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The Daily Wildcat

The Daily Wildcat

 

    Biannual Club Crawl hits ground running downtown

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    Twice a year, Tucsonans stumble en masse from stage to stage along Congress Street in a drunken frenzy. They look kind of like zombies, but they’re louder and more fun, and they feed on the confections of local vendors rather than flesh. This scene is called Club Crawl.

    In its 19 years as one of Tucson’s biggest showcases of local talent, Club Crawl has also served as one of the premier drinking events of the year. “It just happens to be a party with live music,” said Jeb Schoonover, one of the founders.

    According to Schoonover, the event was originally called Showcase Shuffle when it started in 1993. Inspired by Austin’s South By Southwest concert extravaganza, Showcase Shuffle was an immediate hit.

    Clubs called event organizers and pushed for them to set up the stages again soon, Schoonover said. He couldn’t have agreed more.

    In 1997, the showcase was renamed Club Crawl, as the point of the event is for attendees to stagger their way to each club to see their favorite artists and listen to some new sounds. In that same year, Club Crawl became a biannual event, with one showcase in the spring and one in the fall. No matter the season, the event has never been short on attendees — and it’s always had plenty of fresh artists.

    A household name in Arizona football, though he might be unknown to younger fans, is Steve McLaughlin. As a Wildcat, he nabbed the 1994 Lou Groza Award for the best college kicker in the United States. When he wasn’t punting the ball like a beast, he was performing in a band called Pet The Fish, which has opened for groups like Weezer and Dave Matthews Band.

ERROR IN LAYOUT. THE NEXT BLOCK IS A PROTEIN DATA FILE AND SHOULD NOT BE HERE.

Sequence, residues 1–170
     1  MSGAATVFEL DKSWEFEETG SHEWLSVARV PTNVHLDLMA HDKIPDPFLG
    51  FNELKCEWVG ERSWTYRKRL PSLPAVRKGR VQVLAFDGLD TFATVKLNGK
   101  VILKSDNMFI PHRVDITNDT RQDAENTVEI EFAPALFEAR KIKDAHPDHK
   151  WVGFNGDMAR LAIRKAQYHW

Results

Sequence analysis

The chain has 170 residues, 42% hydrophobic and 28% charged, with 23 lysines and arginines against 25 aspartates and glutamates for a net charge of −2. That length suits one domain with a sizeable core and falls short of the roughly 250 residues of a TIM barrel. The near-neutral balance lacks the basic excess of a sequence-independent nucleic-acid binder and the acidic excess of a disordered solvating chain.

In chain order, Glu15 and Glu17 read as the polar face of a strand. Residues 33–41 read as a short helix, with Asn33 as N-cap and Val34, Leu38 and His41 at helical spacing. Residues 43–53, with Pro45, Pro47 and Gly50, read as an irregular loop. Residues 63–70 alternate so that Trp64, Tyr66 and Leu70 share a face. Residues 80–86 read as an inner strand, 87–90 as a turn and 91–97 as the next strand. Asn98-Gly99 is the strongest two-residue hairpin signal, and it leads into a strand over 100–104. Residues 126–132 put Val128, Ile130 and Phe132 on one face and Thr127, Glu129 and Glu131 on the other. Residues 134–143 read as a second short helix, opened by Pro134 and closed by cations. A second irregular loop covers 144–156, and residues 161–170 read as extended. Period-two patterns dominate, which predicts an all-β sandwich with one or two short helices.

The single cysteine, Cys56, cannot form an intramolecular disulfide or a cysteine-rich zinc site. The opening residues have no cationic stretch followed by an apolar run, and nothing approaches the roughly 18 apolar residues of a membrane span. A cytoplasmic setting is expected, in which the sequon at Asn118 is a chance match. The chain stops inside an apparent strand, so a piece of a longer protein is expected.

The band broke up during his career as a St. Louis Ram, so in 2010, he went solo with his first full-length album, No More Record Stores. Now, he’s headed to Club Crawl to reign as champion once more.

    Another act to watch for is Chali 2na, a hip-hop artist known for his work in bands like Jurassic 5 and Ozomatli. Schoonover described the sound as a blend of hip-hop, funk and soul.

    Schoonover said the modern streetcar construction will not cause any inconvenience for crawlers this weekend. The city agreed to open up a corridor on Sixth Avenue, Fifth Avenue and Congress for attendees to walk through. The only change is that the Tejano music stage has moved to Sixth Avenue and Broadway Boulevard.

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